India, Pakistan need to cry together
Minnows China were more enterprising in defense and opportunistic in attack than the others, writes Atul Sondhi.india Updated: Dec 13, 2006 14:31 IST
Just 30 seconds to go in regulation time and despite Chinese armed with a Penalty corner, Pakistan could have been excused for thinking that they had wrapped up the semifinal match at Doha 1-0. At least, Pakistani supporters were celebrating.
Only if wishes were horses. A superb indirect conversion by China gave the outsiders a new lease of life. As the ball from indirect corner was angled in by Lu Fenghui, even Chinese looked rattled and elated at the same time. It was an unbelievable sight of celebration and disbelief.
And few minutes later, the Pakistani dream of making to the final of Asiad after a gap of 16 years, and fighting for Gold, lay in tatters as China celebrated their biggest hockey triumph. In fact, the second in less than a week.
Has the power scenario once again changed in Hockey. Looks so with the strong performances put in by Korea, China and Japan at Doha, and dismal show from India, Pakistan and Malaysia.
In fifties, sixties and seventies, India and Pakistan ruled the Asian hockey, invariably fighting for gold. That was granted considering they were the superpowers at the World level too. But rapid strides by South Korea in the eighties swiftly changed the equation.
The first major upset happened in 1986 when as hosts, Korea turned the Asian hockey upside down by beating India and Pakistan to Asiad Gold. It may have been a stunning news for the World Hockey, but the cracks were visible long before that. At the world level, India had ceased to be a force to reckon with.
Now two decades later, same feat has been replicated by China, only that they may still be upstaged by Korea, who beat Japan in the other semifinal.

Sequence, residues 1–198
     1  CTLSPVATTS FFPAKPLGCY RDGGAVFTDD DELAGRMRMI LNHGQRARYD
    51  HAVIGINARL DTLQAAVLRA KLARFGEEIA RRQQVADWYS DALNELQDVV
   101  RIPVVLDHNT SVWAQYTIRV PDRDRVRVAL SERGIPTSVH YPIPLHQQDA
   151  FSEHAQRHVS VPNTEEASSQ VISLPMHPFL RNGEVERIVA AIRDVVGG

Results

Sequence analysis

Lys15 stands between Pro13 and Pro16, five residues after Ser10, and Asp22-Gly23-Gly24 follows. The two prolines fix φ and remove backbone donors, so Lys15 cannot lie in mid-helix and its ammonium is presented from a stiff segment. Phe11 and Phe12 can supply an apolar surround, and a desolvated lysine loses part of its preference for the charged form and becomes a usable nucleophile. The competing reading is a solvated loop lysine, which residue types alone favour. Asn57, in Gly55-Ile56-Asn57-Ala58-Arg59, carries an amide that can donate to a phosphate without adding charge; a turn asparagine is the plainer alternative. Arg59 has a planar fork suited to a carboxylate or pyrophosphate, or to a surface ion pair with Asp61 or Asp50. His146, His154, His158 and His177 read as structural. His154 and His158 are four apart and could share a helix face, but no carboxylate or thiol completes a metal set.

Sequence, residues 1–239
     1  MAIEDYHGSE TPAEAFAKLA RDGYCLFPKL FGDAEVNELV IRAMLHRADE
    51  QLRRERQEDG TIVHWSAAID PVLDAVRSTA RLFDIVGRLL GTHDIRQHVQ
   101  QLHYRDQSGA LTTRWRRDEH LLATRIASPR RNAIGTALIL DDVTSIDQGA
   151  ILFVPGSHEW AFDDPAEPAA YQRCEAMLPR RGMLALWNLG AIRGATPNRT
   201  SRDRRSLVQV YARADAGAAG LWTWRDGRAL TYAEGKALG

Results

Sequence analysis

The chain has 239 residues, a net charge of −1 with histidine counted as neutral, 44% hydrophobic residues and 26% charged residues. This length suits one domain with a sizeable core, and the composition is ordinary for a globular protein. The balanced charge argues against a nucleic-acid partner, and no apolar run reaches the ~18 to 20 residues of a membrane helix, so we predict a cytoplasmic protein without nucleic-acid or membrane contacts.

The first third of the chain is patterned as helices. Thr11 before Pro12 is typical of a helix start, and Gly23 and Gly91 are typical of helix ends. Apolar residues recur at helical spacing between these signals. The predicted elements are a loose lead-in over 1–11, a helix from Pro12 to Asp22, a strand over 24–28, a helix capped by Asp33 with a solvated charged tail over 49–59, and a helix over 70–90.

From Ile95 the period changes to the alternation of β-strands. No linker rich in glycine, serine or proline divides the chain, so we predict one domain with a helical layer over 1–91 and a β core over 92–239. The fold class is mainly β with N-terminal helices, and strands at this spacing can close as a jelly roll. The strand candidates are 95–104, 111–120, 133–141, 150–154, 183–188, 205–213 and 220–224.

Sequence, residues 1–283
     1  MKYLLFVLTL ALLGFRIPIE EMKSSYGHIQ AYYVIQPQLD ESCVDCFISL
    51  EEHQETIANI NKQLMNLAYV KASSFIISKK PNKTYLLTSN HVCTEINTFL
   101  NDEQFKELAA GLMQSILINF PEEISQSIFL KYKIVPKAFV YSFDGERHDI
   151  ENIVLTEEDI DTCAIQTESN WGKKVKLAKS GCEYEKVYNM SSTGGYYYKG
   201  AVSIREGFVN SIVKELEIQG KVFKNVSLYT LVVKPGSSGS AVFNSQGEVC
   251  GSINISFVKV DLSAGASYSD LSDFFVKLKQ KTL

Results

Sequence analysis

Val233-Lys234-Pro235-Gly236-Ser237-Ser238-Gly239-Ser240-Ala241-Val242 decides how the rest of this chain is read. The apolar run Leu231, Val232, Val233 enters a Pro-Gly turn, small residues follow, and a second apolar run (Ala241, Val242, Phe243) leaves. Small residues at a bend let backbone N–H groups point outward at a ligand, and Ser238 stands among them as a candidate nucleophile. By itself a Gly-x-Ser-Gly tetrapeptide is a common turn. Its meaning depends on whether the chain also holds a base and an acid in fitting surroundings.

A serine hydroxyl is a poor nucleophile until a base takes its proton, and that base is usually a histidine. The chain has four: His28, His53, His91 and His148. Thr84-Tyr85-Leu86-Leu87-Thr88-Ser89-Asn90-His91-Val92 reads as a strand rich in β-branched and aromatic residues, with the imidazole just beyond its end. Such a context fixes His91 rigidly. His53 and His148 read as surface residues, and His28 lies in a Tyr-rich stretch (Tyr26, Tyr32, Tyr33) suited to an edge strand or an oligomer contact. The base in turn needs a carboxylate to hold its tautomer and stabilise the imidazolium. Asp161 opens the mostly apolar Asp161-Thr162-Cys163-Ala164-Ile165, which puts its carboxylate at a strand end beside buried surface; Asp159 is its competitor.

The Chinese performance was no flash in the pan. The gusty display of this fast emerging Asian side, coached by a Korean, found echo in post match statement of Pakistan skipper Rehan Butt who refused to blame his players for the defeat while praising the rivals saying ??the Chinese defense was very good??.
Strangely Rehan, the much admired Pakistani with looks of a film star, also said that we played on 'equal level to the Chinese team' and a few counters from Chinese defense-oriented game made all the difference.
Pakistan fighting on equal terms with a Chinese team! These words must start alarm bells ringing all over the subcontinent.
Rehan?s assessment of a match, where Pakistan failed to convert its dominance into victory, also makes it clear that India?s defeat by Chinese was no stroke of bad luck. Simply, the underrated Chinese were more enterprising in defense and opportunistic in attack in all their matches. That paid rich dividends.
It is unlikely to think that any Indian would be celebrating Pakistan?s moment of massive despair. After all, generally it is great relief if our archrival also lose to the same team we surrender to.
Probably hockey does not matter any more. Not many, if any, Parliamentarians have taken note of India?s failure to finish on an Asiad podium for the first time in history. And so much hue and cry is made for any man-made disaster in cricket.
Still, the two boards must sit up and take notice of the new threats. After Tuesday?s surrender by Pakistan, the subcontinent is no longer the bastion of Asian hockey. Whether KPS removes another coach or not.
In the last month of 2006, the power centre looks to have decisively shifted towards the Far East with Japan, China emerging as the new superpowers ? 20 years after the advent of the ever-energetic South Koreans.